Children with Graves’ Disease
by Elaine Moore
Predictors of Early Remission: This article describes the disease course in children with Graves' disease and explains how certain factors influence early remission in children using antithyroid drug therapy.
Incidence and Causes
The number of children diagnosed with autoimmune disorders is steadily climbing. While the reasons are unclear, the increased number of vaccines and overuse of antibiotics and chemical preservatives are suspected of contributing to this rise. This article describes autoimmune hyperthyroidism, Graves' disease, in children and explains how certain predictors can be used to determine if early remission is likely.
Disease Course and Symptoms
In general, children with Graves' disease typically have a milder disease course and rarely develop eye symptoms. However, because symptoms of hyperthyroidism in children are often similar to the normal changes seen in adolescence or those seen in attention deficit disorders, some children may not be diagnosed until symptoms become severe. Because symptoms may be more severe than those in adults at the time of diagnosis, children with Graves' disease often require prolonged courses (3-6 years, average 4 years) of low-dose anti-thyroid drugs to achieve remission. Several recent studies show that this protocol offers a high rate, up to 87 percent, of permanent remission.
Children who follow diets free of junk and processed foods, which are high in refined iodine and low in nutrients, are more likely to achieve permanent remission. And children who become involved in sports or other activities that help reduce stress can also achieve earlier remissions provided the sports competition isn't stressful in itself. Researchers at the University of California, Davis School of Medicine have also found several other factors that predict remission. These include a higher body mass index, lower heart rate, smaller goiters, lower platelet counts, lower thyroid hormone levels at the time of diagnosis, and lower levels of thyroid stimulating immunoglobulins (TSI). In general, children diagnosed with Graves' disease with a mild disease course and mild symptoms were more likely to achieve remission faster than children with cardiac symptoms, goiter and significant weight loss.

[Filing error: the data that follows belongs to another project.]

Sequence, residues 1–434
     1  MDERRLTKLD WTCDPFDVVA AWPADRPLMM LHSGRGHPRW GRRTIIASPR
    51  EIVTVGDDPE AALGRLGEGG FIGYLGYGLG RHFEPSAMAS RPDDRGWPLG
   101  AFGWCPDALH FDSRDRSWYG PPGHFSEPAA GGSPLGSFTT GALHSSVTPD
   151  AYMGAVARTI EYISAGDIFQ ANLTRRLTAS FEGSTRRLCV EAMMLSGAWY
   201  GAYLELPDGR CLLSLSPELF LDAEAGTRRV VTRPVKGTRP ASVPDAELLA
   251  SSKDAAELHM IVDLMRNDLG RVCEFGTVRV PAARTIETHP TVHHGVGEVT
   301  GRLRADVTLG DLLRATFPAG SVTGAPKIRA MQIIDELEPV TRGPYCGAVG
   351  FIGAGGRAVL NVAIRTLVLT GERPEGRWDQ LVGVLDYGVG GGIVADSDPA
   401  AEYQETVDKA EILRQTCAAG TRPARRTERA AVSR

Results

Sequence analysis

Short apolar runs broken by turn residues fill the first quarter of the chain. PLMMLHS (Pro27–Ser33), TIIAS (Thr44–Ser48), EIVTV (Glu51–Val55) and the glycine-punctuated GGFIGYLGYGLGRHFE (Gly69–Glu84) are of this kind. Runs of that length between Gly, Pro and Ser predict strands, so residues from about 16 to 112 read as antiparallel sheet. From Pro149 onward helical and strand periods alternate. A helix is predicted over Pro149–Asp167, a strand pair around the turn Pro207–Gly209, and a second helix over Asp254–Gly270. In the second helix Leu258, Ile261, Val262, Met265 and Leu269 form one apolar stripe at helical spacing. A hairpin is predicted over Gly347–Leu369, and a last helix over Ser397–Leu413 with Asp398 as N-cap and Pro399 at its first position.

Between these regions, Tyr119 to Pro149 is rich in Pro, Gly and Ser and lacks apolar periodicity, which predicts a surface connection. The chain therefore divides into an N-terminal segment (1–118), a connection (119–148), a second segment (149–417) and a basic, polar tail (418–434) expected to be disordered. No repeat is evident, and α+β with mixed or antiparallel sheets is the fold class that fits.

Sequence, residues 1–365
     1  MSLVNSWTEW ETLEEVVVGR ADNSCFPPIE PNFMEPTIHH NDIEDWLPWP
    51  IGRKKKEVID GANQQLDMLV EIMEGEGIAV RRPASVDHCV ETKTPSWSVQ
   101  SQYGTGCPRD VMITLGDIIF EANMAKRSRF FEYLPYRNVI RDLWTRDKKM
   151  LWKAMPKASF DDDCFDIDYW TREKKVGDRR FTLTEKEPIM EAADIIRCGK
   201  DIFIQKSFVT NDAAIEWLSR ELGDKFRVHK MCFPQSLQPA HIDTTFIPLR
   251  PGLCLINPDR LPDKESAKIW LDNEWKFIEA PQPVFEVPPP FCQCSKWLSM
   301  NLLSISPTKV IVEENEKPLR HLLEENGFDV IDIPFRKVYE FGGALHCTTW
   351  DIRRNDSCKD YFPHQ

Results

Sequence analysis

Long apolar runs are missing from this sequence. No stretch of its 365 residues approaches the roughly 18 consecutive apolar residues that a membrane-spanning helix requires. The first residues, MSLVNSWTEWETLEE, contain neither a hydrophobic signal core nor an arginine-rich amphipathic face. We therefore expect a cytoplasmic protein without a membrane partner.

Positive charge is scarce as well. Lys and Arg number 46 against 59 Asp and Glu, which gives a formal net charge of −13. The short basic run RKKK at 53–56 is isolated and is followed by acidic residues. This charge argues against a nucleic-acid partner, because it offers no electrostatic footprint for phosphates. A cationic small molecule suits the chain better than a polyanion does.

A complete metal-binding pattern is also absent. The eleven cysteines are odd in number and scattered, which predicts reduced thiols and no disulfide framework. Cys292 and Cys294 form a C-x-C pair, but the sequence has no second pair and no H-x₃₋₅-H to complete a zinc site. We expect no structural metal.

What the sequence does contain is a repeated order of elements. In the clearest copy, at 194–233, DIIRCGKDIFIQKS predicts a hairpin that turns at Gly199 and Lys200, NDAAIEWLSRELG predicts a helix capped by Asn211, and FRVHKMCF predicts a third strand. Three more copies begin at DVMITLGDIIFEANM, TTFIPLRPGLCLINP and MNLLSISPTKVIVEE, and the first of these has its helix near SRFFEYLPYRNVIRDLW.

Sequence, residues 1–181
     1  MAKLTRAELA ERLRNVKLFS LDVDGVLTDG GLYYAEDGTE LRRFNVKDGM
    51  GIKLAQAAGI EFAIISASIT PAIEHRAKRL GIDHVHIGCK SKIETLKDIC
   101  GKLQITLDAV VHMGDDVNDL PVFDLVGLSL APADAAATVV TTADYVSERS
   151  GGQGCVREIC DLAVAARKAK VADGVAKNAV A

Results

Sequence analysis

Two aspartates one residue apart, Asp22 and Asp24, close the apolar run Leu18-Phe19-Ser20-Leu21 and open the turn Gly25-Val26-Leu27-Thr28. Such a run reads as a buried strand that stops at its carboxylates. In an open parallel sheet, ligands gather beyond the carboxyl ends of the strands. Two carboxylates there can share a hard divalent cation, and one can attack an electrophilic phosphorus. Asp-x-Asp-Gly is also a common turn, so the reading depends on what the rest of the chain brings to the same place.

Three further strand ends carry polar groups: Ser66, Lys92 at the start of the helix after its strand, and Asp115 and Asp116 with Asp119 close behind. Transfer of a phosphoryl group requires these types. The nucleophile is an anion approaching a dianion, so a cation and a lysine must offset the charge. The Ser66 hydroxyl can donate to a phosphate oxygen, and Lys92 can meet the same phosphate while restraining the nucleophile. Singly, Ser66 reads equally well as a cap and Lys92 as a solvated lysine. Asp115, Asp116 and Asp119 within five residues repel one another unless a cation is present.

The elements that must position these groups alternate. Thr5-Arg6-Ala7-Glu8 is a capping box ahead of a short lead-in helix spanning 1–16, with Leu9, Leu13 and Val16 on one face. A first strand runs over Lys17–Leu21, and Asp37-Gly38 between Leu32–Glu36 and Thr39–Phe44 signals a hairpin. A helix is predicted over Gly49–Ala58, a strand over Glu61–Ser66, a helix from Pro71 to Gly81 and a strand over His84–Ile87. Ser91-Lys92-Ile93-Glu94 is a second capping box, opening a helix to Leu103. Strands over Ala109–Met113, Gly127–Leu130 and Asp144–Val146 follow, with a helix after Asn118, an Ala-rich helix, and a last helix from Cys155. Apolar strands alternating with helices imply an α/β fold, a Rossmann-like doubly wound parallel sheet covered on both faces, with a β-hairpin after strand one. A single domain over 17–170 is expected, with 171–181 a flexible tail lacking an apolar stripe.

In this study, children using a block and replace protocol to prevent hypothyroidism when levels fell too low (from anti-thyroid drugs) also fared better than children on anti-thyroid drug treatment alone. Children were deemed to be in remission when their FT4 level remained within the normal range for six months after medications were stopped.
Patients who achieved early remission were also typically older, had an absence of eye symptoms, and had lower heart rates at the time of their diagnosis. Children achieving early remission were also more likely to have normal platelet counts and lower T3/FT3 levels. Patients who achieved early remission were able to stop anti-thyroid medications within 2 years. Only 25 percent of the children studied achieved remission within 2 years compared to 50-75 percent of adults on anti-thyroid medications.
Compliance with taking medications may play a role in this discrepancy. The children whose remission took longer remained on medications for 4 years. The children who achieved early remission were able to use a lower starting dose of PTU than the children whose remission took longer. With methimazole use, the starting dose was the same in both groups. Children with a goiter at the time of diagnosis who showed signs of goiter reduction were also more likely to achieve early remission than children who showed no improvement in goiter.
Males in the study were also more likely to achieve early remission than females. This may be related to fluctuating estrogen levels occurring in females nearing puberty. In both early and late responders, a minority of children used other prescription medications, for instance, beta blockers.
Newer studies are needed to show the effects of alternative medicine, nutritional supplements and alternative medicine on the disease course in children. Other studies have shown that children with Graves' disease who achieve remission using anti-thyroid medications are unlikely to have relapses later in life. As with Graves' disease that develops in adults, the disease course is generally self-limiting although periods in which symptoms wax and wane are common. ♦
© 6 Aug 2006 copyrighted by Elaine Moore
Nicole Glaser and Dennis Styne, Predictors of Early Remission of Hyperthyroidism in Children, Journal of Clinical Endocrinology and Metabolism 1997